It’s Not Just Daft, It’s Decadent. And Tap is Often Better.

by Tom Standage

In 1783, George Washington visited the natural springs of Saratoga Springs, N.Y. Along with Thomas Jefferson and James Madison, he took a keen interest in the supposed medicinal qualities of mineral water, a subject of much scientific research at the time. The following year, a friend wrote to him to describe the difficulty of bottling the strongly effervescent Saratoga water. “Several persons told us that they had corked it tight in bottles, and that the bottles broke,” wrote Washington’s friend. The birth of the United States thus coincided with the origins of bottled water.

The business of bottling water really got going in the 1790s in Switzerland, where doctors acclaimed the medicinal benefits of the artificially carbonated water sold by Nicholas Paul and Jacob Schweppe. The pair began exporting their bottled soda water in 1800, and such was its popularity in London that Benjamin Silliman, a visiting American chemistry professor, decided to set up his own soda-water venture in the US. Others soon followed suit, and bottled water became a popular health drink.

But bottled water’s mass appeal really began in the US with the marketing of Perrier, imported from France, during the 1970s. In recent years, though, sparkling water has been eclipsed by still water in popularity. Last year, sales of bottled water in the United States reached $11 billion. Globally, the figure might be as high as $100 billion annually.

Go into a restaurant or a supermarket and you will be offered water from all over the planet. Bottled water might look and taste pure enough, but the whole idea stinks. For a start, bottled water is indistinguishable from tap water. Put five bottled waters up against tap water in a blind tasting and see if you can tell the difference. Los Angeles tap water came out on top in a 2006 blind tasting, beating water from New York and Seattle, among others. One judge called L.A.’s water “exceptional. Like a bottled water.”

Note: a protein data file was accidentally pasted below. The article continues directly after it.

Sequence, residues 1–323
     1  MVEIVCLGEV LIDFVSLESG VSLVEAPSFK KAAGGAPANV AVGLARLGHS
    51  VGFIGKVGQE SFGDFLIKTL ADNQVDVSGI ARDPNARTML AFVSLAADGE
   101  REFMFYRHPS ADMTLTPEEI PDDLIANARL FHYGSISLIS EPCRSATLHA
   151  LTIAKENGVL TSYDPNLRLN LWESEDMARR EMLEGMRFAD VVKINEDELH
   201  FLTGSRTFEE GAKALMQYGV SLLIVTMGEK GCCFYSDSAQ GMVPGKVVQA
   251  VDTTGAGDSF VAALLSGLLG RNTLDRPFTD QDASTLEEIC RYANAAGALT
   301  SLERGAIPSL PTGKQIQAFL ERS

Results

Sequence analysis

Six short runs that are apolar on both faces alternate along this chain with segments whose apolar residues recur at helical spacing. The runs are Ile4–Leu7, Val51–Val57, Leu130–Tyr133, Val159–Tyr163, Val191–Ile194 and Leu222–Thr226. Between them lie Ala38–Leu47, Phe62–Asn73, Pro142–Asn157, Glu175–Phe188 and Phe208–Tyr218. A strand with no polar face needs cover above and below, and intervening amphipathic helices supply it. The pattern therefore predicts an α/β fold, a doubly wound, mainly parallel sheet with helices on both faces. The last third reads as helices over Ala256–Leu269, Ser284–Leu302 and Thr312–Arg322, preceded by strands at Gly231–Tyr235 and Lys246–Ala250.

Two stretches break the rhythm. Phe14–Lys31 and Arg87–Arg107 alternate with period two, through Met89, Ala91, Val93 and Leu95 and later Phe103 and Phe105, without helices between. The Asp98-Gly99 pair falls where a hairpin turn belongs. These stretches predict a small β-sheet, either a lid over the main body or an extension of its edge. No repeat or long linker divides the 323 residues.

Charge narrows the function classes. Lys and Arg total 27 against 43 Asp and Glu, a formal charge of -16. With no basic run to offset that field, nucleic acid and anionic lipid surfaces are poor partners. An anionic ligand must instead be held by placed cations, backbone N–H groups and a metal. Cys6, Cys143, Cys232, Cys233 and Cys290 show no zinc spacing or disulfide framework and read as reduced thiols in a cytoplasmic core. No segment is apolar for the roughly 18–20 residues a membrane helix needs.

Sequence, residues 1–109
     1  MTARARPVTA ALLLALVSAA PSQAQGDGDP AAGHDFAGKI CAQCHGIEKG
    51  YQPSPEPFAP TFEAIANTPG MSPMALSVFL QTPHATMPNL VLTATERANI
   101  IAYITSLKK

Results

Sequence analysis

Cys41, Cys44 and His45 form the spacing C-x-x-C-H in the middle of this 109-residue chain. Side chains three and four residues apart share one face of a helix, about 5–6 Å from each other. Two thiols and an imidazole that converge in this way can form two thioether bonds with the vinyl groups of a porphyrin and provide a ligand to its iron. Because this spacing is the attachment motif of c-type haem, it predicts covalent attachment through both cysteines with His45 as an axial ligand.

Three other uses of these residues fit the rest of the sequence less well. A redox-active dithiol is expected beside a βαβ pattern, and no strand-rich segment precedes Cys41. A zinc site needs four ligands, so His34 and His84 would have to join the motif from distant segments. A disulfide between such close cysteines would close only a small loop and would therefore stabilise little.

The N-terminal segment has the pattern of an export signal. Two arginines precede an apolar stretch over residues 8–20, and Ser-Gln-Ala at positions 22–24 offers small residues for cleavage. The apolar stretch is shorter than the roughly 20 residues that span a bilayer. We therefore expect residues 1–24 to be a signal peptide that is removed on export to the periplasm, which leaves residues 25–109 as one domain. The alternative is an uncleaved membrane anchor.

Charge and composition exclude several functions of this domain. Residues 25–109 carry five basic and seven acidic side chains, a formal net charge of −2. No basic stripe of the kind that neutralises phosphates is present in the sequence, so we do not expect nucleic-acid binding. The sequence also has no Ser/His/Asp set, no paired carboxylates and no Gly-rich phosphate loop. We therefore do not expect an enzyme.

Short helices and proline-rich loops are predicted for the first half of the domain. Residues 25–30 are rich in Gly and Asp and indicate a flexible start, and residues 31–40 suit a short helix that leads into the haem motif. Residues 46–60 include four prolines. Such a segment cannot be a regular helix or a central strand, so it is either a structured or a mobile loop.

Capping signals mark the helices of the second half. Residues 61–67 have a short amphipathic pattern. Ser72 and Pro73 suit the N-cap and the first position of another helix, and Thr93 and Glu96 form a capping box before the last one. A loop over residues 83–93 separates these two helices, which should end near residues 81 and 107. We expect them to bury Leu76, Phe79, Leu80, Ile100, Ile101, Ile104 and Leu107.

In many cases, bottled water is actually derived from tap water and filtered - which is why PepsiCo has just agreed to add the words “public water source” to the label of its Aquafina water. But water from glacial springs is not inherently superior. Worse, shipping it around causes unnecessary environmental damage. Refrigeration wastes even more energy. Then there are the millions of plastic bottles, many of which end up in landfills.

Surely bottled water is purer and safer? Actually, no. The regulations governing the quality of public water supplies are far stricter than those governing bottled-water plants. True, there are sometimes contamination problems with tap water, but the same is true of bottled water.

The industry responds that it is not selling water; it is selling “portable hydration.” But filling a bottle from the tap works just as well. The industry also likes to point out that bottled water is a healthy, calorie-free alternative to sugary soda drinks. The same goes for tap water.

Bottled water would appear to be the ultimate triumph of marketing. If you can get people to pay so much for something that is already available at very low cost in their own homes, doesn’t that suggest that they will buy anything? Canned air, anyone? Of course, in a free society, people should be able to spend their money on silly things, provided they are in full possession of the facts. But many people are not, judging by the persistence of the idea that there is something magically superior about bottled water.